Taggle.com is a group buying website where you get goods for reduced prices, with greater than 50 % off when there are a group of people to buy it. We had a objective multiple choice test of around 40 questions. It consisted of few aptitude questions, data structure questions, etc. It was a good question paper. By evening 5 pm, the result of the technical test came out. There were around eleven guys shortlisted for the next programming test. The eleven selected candidates were send for the programming round. We were allowed to write code on our own laptop and use any programming language we liked. He gave us two set of questions. Set 1 consisted of 1 difficult question and other set consisted of 2 easy questions. We were able to choose one set for coding. I chose the question to implement text auto completion functionality (set 1) and wrote the code in Python. He verified my program and told me to wait and come back once the programming round is completed by others. My friend Fayaz also had written autocomplete functionality. There were other two girls Nishita Suresh and Legena P.K who had worked on the other set of problems. Four of us had personal interviews. He didn’t ask me any technical interview questions but we had a very friendly conversation about the work and benefits at Taggle Internet ventures.
Once interviews were completed, the results were announced. Fayaz and Me got placed in Taggle.com.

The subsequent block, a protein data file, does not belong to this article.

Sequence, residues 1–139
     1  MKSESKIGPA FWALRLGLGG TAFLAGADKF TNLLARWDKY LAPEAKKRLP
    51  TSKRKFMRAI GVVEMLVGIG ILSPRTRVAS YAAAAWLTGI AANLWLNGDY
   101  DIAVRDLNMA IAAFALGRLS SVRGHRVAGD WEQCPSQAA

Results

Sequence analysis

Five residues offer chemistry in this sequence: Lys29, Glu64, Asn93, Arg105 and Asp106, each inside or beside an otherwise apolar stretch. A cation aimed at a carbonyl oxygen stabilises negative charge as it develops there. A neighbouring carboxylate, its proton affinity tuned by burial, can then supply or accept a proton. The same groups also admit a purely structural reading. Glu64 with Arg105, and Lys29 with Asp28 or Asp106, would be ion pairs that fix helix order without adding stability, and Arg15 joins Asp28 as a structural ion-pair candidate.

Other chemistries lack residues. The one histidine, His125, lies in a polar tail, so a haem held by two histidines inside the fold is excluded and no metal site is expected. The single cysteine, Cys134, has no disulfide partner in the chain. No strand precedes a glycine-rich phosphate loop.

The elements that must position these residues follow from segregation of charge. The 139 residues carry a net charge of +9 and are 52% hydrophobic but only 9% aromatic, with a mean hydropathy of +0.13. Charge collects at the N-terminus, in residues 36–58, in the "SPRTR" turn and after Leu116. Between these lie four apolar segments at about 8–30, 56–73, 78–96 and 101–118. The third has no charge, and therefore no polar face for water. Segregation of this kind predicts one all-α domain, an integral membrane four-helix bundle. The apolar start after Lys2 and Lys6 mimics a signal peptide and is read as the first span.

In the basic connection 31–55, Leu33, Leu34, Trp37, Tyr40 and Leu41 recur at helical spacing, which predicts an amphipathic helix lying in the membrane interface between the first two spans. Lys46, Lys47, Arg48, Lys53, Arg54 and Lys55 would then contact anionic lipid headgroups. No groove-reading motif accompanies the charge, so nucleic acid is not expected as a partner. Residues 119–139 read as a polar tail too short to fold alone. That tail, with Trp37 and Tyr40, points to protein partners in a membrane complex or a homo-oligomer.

Yahoo! came to our campus on October 30th, 2010. It was a day before seventh semester university exams started. Yahoo was considered as the superstar company that comes to MEC campus with highest pay and perks. The day when placement cell announced ‘Yahoo’ is visiting campus, everyone looked with wow. Placement cell members gave us the info that Yahoo! is going to recruit for Service Engineering team where they look for guys who live and feed in UNIX environment. In the following days placement cell posted specifications and info on what they are looking for and their requirements. There were a lot of XMECians working in Yahoo and they send us some materials they studied during their time. Everyone started seriously preparing for Yahoo with lot of effort. I also wanted to get into Yahoo. It was the time I was working on my book and I had hectic schedules. Some of my seniors who got into Yahoo were famous for Shell Scripting and sed. So I had thought of seriously looking into SED. I spend few days on SED and AWK. It was really nice writing sed scripts, which looks very awkward but performs incredible text processing operations in single line of code. To brush up my shell scripting skills, I went through the first draft of my incomplete book. But, that helped me a lot to fix bugs in my book. I also brushed up few conceptual things like How E-mail works, Networking basics, etc. The day of Yahoo interview came. The cut-off percentage was 70%. There was a presentation on Yahoo! and what they are looking for? Benefits and perks at yahoo. Then we attended the screening test. The test consisted of few aptitude questions, lot of Perl questions, networking questions, questions from OS scheduling, SQL and few other things. But it was not that difficult. After the test, in about an hour the results were out. 15 guys were in. The next was programming round.